While public support for Duterte’s campaign is robust, its results are difficult to accept for the families of bystanders like Columbino (the youngest-such innocent casualty was five-year-old Danica Mae Garcia, who died in August when a stray bullet intended for her grandfather, identified by police as a drug pusher, caught her in the neck). While his real name was Marvin, to his friends and family in the overlapping slum alleys just behind the big busy streets of Pasay in the capital of Manila where he lived, he was known as Balong, which, in the Pangasinan dialect, means “a loved boy.”
Roughly 50 of Balong’s friends attended his wake, taking part in a mix of old and new Filipino funeral traditions. Mourners gambled and played card games to stay awake and keep vigil (so as to be certain the departed is never alone). Some food, along with Balong’s sunglasses, wallet, and cellphone, sat at the base of his casket. A baby chick was placed atop the casket, in accordance with a superstitious belief that it would peck at the conscience of the guilty.
On the fifth and final day of Balong’s wake, the mourners speculated over the fate of Brent Bravo, the real target of the shooting. On the day of Balong’s death, the same masked man that had hunted Bravo down stormed into his house and finished the job, killing him, they said. “If [Bravo] is dead, it makes it … easier to bear,” Luisa said slowly. “But I want them to catch the one who did it, the one who shot my defenseless husband, innocently going about doing his job. I hope they find him and kill him, too.” (According to the police, Bravo went into hiding immediately after the shooting. Officials were unable to question him about the motives behind the attack or about the gunman, and the case has gone cold.)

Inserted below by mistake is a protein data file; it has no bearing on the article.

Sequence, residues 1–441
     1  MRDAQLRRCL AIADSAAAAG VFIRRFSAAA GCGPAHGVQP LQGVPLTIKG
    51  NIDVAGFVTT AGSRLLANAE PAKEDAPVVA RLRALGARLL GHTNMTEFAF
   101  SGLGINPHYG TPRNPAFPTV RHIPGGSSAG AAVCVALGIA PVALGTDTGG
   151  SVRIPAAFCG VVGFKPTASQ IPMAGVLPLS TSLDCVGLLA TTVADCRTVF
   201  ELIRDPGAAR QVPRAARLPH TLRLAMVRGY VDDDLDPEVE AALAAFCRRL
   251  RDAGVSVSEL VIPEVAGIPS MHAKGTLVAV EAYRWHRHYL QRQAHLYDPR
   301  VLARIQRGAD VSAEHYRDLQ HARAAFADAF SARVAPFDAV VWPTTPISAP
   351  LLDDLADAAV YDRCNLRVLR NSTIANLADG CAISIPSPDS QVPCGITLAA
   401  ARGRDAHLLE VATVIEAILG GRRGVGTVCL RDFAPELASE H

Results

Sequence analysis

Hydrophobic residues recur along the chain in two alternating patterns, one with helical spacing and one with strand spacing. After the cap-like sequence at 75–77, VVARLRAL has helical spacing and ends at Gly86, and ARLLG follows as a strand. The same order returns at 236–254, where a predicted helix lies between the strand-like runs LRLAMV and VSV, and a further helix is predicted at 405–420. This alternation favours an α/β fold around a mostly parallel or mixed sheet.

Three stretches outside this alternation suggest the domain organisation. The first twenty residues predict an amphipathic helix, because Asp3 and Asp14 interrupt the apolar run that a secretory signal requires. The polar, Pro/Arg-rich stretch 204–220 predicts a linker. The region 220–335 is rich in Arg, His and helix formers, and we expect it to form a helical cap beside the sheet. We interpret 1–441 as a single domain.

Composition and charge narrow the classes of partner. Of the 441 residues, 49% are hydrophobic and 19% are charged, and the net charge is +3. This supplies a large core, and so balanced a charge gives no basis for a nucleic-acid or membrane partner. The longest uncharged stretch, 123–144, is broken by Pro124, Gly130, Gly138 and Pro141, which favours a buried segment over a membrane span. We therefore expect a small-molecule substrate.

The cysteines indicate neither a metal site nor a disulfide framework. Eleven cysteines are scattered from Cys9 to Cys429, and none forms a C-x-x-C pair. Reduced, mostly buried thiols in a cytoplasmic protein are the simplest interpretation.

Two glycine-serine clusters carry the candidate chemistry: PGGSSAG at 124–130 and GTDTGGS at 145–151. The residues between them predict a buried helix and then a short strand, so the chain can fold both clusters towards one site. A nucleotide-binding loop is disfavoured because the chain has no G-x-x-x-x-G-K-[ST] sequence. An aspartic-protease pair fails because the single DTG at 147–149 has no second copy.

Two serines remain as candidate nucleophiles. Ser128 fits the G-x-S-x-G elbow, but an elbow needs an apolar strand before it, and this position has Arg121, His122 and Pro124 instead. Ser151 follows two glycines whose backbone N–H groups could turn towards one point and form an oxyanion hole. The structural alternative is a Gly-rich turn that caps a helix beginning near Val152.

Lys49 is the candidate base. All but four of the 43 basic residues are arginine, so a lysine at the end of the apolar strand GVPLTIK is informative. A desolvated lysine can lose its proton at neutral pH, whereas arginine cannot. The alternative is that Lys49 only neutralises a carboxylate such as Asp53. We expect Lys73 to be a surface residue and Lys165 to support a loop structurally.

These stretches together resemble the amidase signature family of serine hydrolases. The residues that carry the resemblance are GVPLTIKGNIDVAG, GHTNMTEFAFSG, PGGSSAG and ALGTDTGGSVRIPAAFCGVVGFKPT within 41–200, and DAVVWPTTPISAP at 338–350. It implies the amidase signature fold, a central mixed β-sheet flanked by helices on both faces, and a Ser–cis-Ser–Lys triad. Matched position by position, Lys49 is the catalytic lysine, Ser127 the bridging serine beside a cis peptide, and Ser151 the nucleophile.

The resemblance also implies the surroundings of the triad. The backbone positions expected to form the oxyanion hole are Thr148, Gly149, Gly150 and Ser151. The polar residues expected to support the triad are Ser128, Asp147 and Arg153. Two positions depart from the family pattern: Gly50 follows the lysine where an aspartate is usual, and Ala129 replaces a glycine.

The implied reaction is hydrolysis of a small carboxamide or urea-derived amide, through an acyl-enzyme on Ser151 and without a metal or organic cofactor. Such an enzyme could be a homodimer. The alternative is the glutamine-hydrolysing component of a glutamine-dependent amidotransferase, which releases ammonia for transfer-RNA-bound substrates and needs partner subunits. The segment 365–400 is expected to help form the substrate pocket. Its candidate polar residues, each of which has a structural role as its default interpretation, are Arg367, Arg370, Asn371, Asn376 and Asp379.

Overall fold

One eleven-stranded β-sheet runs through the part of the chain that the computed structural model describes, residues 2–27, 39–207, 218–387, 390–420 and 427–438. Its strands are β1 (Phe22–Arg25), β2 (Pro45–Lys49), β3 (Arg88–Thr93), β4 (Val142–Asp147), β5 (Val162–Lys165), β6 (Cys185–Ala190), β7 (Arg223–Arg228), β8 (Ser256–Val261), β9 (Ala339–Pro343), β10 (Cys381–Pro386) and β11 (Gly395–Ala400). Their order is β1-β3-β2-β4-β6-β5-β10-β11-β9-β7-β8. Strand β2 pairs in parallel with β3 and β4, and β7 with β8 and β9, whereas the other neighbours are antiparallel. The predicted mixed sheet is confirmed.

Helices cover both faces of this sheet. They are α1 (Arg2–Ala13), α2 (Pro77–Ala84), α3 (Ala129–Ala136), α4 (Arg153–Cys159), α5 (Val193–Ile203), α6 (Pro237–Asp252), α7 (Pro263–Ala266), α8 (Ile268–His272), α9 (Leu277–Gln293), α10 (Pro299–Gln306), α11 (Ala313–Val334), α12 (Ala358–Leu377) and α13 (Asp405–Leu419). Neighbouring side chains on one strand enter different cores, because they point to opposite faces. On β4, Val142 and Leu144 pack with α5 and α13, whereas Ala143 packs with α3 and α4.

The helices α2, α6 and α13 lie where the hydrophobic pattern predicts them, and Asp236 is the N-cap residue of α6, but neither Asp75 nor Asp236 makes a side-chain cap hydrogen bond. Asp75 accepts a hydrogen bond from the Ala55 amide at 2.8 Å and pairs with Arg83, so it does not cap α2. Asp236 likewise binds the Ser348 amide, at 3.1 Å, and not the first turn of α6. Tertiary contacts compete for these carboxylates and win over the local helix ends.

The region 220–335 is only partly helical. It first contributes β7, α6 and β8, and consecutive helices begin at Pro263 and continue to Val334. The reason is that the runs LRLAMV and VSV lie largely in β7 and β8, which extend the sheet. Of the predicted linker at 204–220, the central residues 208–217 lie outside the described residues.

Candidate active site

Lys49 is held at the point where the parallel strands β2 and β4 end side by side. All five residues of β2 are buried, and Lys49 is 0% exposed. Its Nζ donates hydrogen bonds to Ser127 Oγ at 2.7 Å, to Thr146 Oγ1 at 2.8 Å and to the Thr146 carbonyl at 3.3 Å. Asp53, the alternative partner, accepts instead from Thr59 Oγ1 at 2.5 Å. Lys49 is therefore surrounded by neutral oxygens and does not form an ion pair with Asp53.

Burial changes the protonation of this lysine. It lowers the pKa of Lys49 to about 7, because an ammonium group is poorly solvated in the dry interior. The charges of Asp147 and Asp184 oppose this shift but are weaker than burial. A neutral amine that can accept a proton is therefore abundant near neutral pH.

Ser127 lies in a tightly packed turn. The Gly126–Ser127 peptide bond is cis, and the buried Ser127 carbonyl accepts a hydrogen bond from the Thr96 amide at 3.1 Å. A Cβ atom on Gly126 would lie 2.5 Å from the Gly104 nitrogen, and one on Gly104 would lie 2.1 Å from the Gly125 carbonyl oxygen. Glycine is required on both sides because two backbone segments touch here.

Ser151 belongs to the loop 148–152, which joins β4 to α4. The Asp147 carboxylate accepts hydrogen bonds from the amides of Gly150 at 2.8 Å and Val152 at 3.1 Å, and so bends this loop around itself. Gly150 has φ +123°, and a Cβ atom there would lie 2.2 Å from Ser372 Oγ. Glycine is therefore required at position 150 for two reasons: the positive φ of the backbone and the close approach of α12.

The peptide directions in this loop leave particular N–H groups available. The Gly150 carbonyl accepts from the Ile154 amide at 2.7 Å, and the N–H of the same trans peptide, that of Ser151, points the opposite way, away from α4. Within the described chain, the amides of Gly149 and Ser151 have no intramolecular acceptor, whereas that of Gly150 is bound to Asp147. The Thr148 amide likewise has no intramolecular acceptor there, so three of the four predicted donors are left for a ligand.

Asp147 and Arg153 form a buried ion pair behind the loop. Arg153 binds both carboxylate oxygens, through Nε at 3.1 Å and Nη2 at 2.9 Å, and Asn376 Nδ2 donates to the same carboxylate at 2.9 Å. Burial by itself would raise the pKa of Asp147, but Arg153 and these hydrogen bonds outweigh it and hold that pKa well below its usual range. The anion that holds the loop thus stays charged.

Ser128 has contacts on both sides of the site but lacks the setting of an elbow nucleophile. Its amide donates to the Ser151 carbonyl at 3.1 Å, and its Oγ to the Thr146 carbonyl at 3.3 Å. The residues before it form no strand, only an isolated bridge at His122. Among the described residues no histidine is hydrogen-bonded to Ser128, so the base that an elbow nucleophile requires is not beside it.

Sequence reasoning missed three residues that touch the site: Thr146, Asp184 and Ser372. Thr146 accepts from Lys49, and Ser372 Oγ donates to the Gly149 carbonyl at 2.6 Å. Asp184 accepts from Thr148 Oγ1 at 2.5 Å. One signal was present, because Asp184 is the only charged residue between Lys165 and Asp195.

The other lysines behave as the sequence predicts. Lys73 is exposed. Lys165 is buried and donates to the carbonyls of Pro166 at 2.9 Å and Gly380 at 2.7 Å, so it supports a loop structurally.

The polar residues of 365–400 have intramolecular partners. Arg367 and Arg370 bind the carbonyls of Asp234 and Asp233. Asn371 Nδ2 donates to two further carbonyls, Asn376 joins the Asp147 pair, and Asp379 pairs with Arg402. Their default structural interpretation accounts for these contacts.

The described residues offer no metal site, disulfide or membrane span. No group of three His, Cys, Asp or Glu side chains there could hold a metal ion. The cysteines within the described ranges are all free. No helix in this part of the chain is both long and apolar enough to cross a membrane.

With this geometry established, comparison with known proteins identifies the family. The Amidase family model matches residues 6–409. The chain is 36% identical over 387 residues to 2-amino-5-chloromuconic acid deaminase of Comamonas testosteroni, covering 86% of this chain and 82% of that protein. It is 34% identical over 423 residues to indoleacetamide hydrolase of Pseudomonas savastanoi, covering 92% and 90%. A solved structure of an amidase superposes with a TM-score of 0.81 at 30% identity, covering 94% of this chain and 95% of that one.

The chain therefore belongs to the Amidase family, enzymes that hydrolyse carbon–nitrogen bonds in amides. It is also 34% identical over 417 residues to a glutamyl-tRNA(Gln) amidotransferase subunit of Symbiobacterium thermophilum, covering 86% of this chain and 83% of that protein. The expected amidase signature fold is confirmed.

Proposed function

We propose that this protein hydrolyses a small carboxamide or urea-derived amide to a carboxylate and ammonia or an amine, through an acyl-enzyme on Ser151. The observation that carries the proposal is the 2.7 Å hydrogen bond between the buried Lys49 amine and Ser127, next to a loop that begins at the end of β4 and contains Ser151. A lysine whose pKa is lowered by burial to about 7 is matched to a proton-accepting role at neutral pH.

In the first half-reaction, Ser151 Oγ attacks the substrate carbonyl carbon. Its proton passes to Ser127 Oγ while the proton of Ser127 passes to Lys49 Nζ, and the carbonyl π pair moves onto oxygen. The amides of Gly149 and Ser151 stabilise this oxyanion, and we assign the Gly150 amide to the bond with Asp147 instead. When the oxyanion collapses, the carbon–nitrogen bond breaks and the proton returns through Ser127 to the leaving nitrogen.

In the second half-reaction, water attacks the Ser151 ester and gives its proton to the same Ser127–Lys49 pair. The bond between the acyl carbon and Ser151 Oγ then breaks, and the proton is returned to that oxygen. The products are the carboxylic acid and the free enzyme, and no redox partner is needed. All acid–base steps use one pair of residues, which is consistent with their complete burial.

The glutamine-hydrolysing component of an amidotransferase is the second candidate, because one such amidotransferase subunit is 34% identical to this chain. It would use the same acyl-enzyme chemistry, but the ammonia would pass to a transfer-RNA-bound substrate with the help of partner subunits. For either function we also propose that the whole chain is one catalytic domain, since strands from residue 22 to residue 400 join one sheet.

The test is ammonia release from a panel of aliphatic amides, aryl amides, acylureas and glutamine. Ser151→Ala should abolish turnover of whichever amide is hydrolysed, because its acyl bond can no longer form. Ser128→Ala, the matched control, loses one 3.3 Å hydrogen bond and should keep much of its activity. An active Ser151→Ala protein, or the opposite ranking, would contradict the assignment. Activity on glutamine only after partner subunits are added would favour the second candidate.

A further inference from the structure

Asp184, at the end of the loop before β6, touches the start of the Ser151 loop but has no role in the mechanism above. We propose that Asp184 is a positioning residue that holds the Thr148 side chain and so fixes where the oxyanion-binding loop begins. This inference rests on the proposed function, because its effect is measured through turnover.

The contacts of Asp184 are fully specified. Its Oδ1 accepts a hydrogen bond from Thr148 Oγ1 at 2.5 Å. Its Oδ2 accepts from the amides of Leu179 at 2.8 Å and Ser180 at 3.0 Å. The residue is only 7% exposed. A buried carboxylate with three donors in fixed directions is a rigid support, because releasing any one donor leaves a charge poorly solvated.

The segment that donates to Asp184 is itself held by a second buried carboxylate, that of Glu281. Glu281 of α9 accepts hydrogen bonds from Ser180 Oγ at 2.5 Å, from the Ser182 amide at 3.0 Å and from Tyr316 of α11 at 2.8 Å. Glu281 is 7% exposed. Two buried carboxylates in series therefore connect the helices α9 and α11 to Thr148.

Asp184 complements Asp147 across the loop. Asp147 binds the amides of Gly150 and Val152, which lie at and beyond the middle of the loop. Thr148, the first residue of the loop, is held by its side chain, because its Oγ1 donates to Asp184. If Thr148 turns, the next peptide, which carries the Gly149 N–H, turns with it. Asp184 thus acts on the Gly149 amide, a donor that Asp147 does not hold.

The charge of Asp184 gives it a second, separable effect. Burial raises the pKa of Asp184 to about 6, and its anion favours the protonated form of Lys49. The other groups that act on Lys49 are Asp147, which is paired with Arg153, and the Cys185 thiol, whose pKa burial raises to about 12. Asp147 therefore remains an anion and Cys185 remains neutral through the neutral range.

“We are going to have a girl. My husband won’t ever get to see her,” Luisa said, rubbing her hand over her belly. The chick, which had been pacing across the glass-covered casket, jumped onto her lap and ambled up her swollen belly. Without Balong, there is nothing for her in Manila, she said. She has decided to move back in with her parents in Samar in central Philippines to give birth to her daughter.
Balong believed that being a good father and hardworking citizen would shield him from the bullets of Duterte’s war. “My husband and I would watch the news about all those addicts being killed. He would cheer the police and President Duterte. [He would say] that they got what they deserved. I would look at the widows of the men killed, but never thought I would be one of them,” Luisa said. “I voted for Duterte. We both did. My husband—even as he is lying there—doesn’t regret voting for him and would do it again. I am sure of it.”
Among those fighting Duterte’s brutal war, there are also victims. On the evening of August 19, 37-year-old Mark Garcia, a police officer, sent his wife, Judy, a text message: “One more operation, hon. This is the last one,” the message read. After 12 years of marriage, Judy, 36, was accustomed to Mark’s long, erratic hours. When they began dating, Mark was a police cadet. “If we get married, you will have to understand my job. My time will be split between you and my job and there will be times when the job will come first,” Judy recalled him saying. So Judy thought nothing of his text. And she saw nothing ominous about the squad car that rolled up to their house later. “They told me something had happened to Mark, and we should go the hospital. I thought he had gotten hurt—that’s all I was willing to think,” she said.